Mushroomhead drummer Skinny was the latest guest on Full Metal Jackie's weekend radio program. Discussing the band's Volume III DVD, he talked about the visual element of the band and their creative aspirations on the whole. While there must be compromises along the way, Skinny explains how the band have always tried to maintain the most creative control over things as possible. He also forecasted when the follow-up to 2014's The Righteous and the Butterfly will be released.

This DVD has a cinematic look with the intimacy of a whole movie. What was the biggest challenge about blending distinct styles of filming into one linear cohesive video?

I think it was just the compilation of three-and-a-half years and trying to put it together. When you said cinematic it was very much what we were going for. We wanted to kind of play it out like a movie or an album versus your typical band DVD. The first 30-40 minutes of it are based on traditional videos and tying it together with live scenes, but more of the slow motion. It has more of an even pacing. So the audio matches the visual really well and that was definitely a little more challenging than I thought it was going to be.

Clean singer Steve Rauckhorst and guitarist Tankx joined the band earlier this year. Why are different people with new ideas important to a band like Mushroomhead?

Mushroomhead have been going for almost 25 years — actually the 23rd, but it will be 25 years onstage for Mushroomhead. Having new members every so often really lends to the longevity that has become Mushroomhead and the evolution. The ideas are not just fresh, but, traditional. Everyone that joins the band knows the sound and they don't come in with a whole new approach, saying, 'Well here is my idea and the band should sound like this.' Everyone kind of understands that it should be fun, that it should be heavy and it should be moody. The good ones just seem to write themselves.

Mushroomhead are self-contained and very hands-on in just about every aspect of recording, filming and production. When you started, was becoming a fully equipped artist collective what you envisioned?

We have always wanted to maintain full artist control, if possible, and we understood that the bigger you get and the more people you deal with, obviously you have to let go some of the creative aspects. It has always been challenging to always make sure that we are 90 percent in creative control and it is not always easy to do.

Sometimes you have to pick and choose your battles as far as letting other people lead as far as whether it is a record label, PR or management. Sometimes you are too close to the creation to see the big picture or to just be able to step back and take a look from the outside. I have to say that has been one of the things over the years, is learning to accept creative criticism from other people that aren't necessarily artists.

You formed Mushroomhead in your early 20s. What aspect of the evolution of the band has been a parallel of the result of your growth as a person?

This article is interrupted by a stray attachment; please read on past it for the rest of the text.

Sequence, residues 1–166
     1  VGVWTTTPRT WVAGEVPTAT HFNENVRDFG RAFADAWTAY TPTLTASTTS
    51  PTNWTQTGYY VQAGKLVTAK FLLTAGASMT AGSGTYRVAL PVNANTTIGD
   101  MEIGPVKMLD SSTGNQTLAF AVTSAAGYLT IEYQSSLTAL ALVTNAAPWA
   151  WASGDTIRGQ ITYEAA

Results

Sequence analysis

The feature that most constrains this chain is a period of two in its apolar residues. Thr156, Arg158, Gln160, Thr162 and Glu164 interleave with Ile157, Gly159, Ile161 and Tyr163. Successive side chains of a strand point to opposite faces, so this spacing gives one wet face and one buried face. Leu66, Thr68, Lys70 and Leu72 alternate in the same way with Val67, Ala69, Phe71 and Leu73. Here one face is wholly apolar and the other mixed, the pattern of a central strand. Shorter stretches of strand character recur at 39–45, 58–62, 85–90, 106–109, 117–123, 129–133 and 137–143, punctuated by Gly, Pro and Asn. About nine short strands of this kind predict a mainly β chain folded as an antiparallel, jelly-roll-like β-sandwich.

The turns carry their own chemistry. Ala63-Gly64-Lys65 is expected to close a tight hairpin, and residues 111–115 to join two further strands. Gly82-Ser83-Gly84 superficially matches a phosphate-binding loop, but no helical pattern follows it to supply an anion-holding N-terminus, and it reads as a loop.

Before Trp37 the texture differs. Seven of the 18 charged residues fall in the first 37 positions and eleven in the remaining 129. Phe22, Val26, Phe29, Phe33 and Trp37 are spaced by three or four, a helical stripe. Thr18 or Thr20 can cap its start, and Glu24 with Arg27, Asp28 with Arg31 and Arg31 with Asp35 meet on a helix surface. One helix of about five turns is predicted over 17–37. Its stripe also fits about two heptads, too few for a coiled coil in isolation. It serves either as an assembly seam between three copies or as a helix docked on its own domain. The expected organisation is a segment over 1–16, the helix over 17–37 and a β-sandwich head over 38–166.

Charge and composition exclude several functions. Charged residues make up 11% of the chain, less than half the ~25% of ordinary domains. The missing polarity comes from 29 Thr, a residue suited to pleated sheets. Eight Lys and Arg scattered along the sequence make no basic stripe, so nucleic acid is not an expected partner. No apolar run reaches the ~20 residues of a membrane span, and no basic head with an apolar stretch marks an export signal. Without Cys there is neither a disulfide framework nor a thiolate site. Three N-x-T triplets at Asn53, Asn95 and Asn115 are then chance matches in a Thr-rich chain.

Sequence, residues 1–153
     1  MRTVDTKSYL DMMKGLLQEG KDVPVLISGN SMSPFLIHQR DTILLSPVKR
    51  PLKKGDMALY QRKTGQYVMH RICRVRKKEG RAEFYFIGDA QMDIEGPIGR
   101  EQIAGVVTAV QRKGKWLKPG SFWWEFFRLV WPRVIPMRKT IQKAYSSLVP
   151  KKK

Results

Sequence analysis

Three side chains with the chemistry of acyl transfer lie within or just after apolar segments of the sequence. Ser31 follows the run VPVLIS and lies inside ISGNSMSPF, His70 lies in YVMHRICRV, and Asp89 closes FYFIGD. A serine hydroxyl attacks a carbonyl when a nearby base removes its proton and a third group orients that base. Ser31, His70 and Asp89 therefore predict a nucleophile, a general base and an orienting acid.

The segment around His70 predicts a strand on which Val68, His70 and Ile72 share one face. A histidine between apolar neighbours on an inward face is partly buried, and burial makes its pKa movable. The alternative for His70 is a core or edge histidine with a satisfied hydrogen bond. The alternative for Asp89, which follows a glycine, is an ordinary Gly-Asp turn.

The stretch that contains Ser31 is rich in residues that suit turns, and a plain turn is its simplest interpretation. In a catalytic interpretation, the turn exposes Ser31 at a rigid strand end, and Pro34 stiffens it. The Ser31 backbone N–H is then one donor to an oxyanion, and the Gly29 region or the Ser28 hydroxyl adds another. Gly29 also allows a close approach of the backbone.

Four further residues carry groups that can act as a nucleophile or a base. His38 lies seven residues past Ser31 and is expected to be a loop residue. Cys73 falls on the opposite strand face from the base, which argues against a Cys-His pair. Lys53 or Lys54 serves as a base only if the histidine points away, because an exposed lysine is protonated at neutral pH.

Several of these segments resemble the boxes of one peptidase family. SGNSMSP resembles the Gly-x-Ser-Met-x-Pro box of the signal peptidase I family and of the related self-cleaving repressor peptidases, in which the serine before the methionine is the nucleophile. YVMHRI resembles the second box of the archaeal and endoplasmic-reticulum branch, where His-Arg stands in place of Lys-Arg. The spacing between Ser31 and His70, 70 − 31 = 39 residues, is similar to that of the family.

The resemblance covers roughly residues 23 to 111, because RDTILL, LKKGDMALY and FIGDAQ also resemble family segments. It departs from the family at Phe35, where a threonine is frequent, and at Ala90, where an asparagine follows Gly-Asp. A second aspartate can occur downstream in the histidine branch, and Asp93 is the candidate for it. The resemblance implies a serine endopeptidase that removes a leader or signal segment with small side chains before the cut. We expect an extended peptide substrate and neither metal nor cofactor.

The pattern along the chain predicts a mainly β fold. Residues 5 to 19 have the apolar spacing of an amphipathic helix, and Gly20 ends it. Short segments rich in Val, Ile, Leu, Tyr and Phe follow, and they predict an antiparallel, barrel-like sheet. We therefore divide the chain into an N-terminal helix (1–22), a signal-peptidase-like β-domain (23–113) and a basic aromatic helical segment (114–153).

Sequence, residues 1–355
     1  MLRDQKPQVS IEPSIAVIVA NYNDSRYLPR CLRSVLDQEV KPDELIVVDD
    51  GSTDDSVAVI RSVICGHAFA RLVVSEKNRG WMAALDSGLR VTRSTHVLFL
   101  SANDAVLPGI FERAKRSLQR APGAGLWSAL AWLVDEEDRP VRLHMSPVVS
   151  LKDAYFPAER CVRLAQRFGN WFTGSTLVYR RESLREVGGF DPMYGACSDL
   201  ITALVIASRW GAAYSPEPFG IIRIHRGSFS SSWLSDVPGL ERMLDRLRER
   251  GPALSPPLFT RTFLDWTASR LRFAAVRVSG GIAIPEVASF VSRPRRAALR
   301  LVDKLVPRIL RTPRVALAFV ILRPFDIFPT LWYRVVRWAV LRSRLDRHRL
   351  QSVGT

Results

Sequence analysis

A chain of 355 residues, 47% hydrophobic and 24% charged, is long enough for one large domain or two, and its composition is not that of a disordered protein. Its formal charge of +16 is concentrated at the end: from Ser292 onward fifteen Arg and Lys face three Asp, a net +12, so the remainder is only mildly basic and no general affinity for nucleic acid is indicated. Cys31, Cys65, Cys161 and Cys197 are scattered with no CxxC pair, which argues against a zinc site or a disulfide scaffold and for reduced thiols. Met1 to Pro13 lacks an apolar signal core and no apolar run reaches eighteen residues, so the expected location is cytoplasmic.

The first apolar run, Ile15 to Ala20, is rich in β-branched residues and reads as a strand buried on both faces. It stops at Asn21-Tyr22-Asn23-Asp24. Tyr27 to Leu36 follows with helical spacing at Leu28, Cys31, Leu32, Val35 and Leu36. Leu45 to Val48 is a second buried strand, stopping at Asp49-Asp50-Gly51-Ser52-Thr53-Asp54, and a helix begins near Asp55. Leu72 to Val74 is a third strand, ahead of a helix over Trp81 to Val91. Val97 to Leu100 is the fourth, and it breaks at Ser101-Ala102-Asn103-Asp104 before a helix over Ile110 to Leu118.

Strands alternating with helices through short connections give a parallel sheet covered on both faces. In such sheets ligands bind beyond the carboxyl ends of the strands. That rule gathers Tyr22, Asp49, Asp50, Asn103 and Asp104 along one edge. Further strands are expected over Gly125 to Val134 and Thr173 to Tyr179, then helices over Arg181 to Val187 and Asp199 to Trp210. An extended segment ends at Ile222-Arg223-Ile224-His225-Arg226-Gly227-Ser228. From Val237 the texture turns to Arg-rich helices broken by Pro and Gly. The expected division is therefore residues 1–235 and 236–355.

I think the main thing was trying to maintain relative happiness. Whether it is in my personal life or creative life and at the end of the day, we just wanted to create something that we liked and basically make art and create things we were feeling. We just so happen to strike a nerve with people and we are very fortunate that people ended up liking the things we ended up creating and liking for ourselves.

We never set out to be a band that was going to be around for 25 years. We were just making art and found out that people really enjoyed what we did. We are very fortunate and I think that really lends to the longevity of the band and also the longevity of me as an artist, as a person. It's really been one hell of a ride.

There's a lot of mystique in the Mushroomhead imagery. What does that give you license to do with the music that might not be possible otherwise?

It lends to one hell of a creative palate for us. The majority of artists are nerds, whether it's something from an audio recording, whether it is Pro-Tools or making some kind of visual element, whether it be video and then editing and working inside of Premier or coloring with Divinity or creating logos and designs with Photoshop or something like that. We have definitely had taken advantage of the technology that has grown up around us. When we first started, we didn't have the Internet, obviously, it was so long ago, we had fax machines. Things have changed considerably in the artists' favor all around.

Could you tell us what's in store for the end of the year into 2019?

After this one wraps up, we head back home to go right into the studio to continue writing album eight, which will be out early Spring of 2019, if everything goes right. Then we are going to do one more small American tour at the end of October, like a two-week run and that will be to celebrate Halloween and 25 years of Mushroomhead.

Grab your copy of Mushroomhead's 'Volume III' DVD here and follow the band on Facebook to stay up to date with everything they're doing. Find out where you can hear Full Metal Jackie’s weekend show here.

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